On Sep. 29, the Seattle City Council passed an ordinance that requires Lyft (NASDAQ:LYFT) to pay its drivers a minimum hourly wage of $16.39, the same rate required of companies with more than 500 people. This is not good news if you own LYFT stock.
I’m sure you’ve heard that before, but let’s dig into why.
Coming to America and Beyond
Of course, Lyft and Uber (NYSE:UBER) are deeply troubled by Seattle’s move to treat its drivers like every other employee in the city. More importantly, it acts as a severe headwind for both companies’ pathways to profitability.
Uber and Lyft suggest that drivers in Seattle are primarily working part-time and earning the city median wage. The University of California at Berkley and New York’s New School believe the actual hourly net earnings are under $10 with 33% of its drivers working more than 32 hours per week.
Who’s right? As an investor, that’s the wrong question to ask. The right question: Can it make money paying its drivers $16.39 an hour?
“The City’s plan is deeply flawed and will actually destroy jobs for thousands of people — as many as 4,000 drivers on Lyft alone — and drive rideshare companies out of Seattle,” Lyft said in a statement.
The great thing about capitalism is you have a choice. Lyft doesn’t have to operate in Seattle. If it doesn’t like the rules it has to play under, it’s free to leave.
Recently, in my town of Halifax, Nova Scotia, the municipal and provincial governments here made changes to the rules involving ride-hailing so that Lyft and Uber would be incentivized to set up shop in Atlantic Canada’s largest city.
The head of the provincial Progressive Conservative Party, the official opposition to the governing Liberal Party, believes most Nova Scotians welcome the changes.
“Services like Uber, Lyft and home grown services like Prince Edward Island start up Kari / RedRide, will provide a safe affordable way to move about, particularly in rural Nova Scotia while empowering properly vetted and licensed drivers to use their vehicle and time to make extra money,” Houston said.
My wife and I moved from Toronto almost three years ago. We’ve been patiently waiting for Lyft and Uber to come here.
Lyft will probably come here, but the opportunity to make a buck won’t be nearly as high as it is in Seattle and the surrounding suburbs.
The reality is that in most cities across North America, the hourly minimum wage will continue to move higher. Here in Nova Scotia, the minimum hourly wage is scheduled to increase to 13.10 CAD ($9.79) on April 1, 2021, incrementally after that based on the consumer price index (CPI). It’s not going the other way.
As an investor, you have to decide if economies of scale are enough to deliver future profits despite the reality staring you in the face.
Does This Make LYFT stock Uninvestable?
Maybe. Maybe not.
Lyft reported its second-quarter results in mid-August. On the top line, sales were $339.4 million, 61% lower than a year earlier due to the novel coronavirus. On the bottom line, Lyft lost $437.1 million during the quarter, a 32.2% improvement from its $644.2 million loss a year ago.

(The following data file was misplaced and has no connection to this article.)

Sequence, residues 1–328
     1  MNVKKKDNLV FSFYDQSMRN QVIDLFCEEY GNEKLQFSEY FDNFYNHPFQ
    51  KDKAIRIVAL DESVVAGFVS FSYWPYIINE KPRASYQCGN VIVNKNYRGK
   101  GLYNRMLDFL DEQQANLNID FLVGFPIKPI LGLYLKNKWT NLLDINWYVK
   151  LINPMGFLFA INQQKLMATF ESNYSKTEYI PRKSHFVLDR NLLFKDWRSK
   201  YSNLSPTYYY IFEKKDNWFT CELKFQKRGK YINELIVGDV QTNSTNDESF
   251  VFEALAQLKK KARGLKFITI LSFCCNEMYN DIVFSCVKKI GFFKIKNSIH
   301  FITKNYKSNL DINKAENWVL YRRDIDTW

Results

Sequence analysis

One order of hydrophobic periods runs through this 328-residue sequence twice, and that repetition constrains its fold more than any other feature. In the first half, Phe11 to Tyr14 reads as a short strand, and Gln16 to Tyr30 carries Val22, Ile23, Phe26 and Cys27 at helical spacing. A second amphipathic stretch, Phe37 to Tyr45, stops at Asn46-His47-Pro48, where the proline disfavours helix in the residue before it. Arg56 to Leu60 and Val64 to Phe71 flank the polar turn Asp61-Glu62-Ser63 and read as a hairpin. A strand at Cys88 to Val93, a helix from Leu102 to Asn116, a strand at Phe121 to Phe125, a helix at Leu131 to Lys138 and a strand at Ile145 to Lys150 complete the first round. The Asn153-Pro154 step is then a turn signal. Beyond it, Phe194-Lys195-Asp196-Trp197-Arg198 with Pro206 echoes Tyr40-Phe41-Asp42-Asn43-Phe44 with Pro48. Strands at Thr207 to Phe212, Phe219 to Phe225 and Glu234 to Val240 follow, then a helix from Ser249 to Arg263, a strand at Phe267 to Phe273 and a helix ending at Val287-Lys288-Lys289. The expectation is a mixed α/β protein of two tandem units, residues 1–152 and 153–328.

InvestorPlace’s Robert Lakin reported in early September that the company’s trips in August rose 7.3% over those in July. Lyft announced that its third-quarter adjusted EBITDA loss should be no higher than $265 million. In Q3 2019, its adjusted EBITDA loss was $128.1 million.
In Q3 2019 it had 22.3 million active riders, a 28% increase over a year earlier. In the second quarter of 2020, that number was 8.7 million, 60% down from Q2 2019.
So, based on the numbers above, it lost approximately $5.74 per active rider in Q3 2019. In Q2 2020, its adjusted EBITDA loss was $280.3 million or $32.22 per active rider.
Assuming the number of active riders in the third quarter is halfway between Q3 2019 (22.3 million) and Q2 2020 (8.7 million), we’re looking at 15.5 million. Based on its projected loss of $265 million, that’s a loss per active rider of $17.10.
From an investment standpoint, before Covid, Lyft was generating $42.82 in revenue per active rider and losing $5.74 from this same active rider, which means in the third quarter of 2019, it was spending $48.56 per active rider — and that was relatively speaking a healthy quarter.
Now, factor in the rising minimum wage across North America, and it seems unlikely that Lyft will reach profitability anytime soon.
In late July, I recommended that anyone interested in LYFT stock instead buy some Tesla (NASDAQ:TSLA). Lyft is down 9% in the two months since Tesla’s up 40% in the same period. In April, I said Lyft was a good bet for aggressive investors only, so I wouldn’t say it’s totally uninvestable.
That said, I continue to believe TSLA is a far better stock to own over the long haul, not the least of which is the fact the minimum wage isn’t nearly as big an overhang for Elon Musk.
On the date of publication, Will Ashworth did not have (either directly or indirectly) any positions in the securities mentioned in this article.
Will Ashworth has written about investments full-time since 2008. Publications where he’s appeared include InvestorPlace, The Motley Fool Canada, Investopedia, Kiplinger, and several others in both the U.S. and Canada. He particularly enjoys creating model portfolios that stand the test of time. He lives in Halifax, Nova Scotia. At the time of this writing Will Ashworth did not hold a position in any of the aforementioned securities.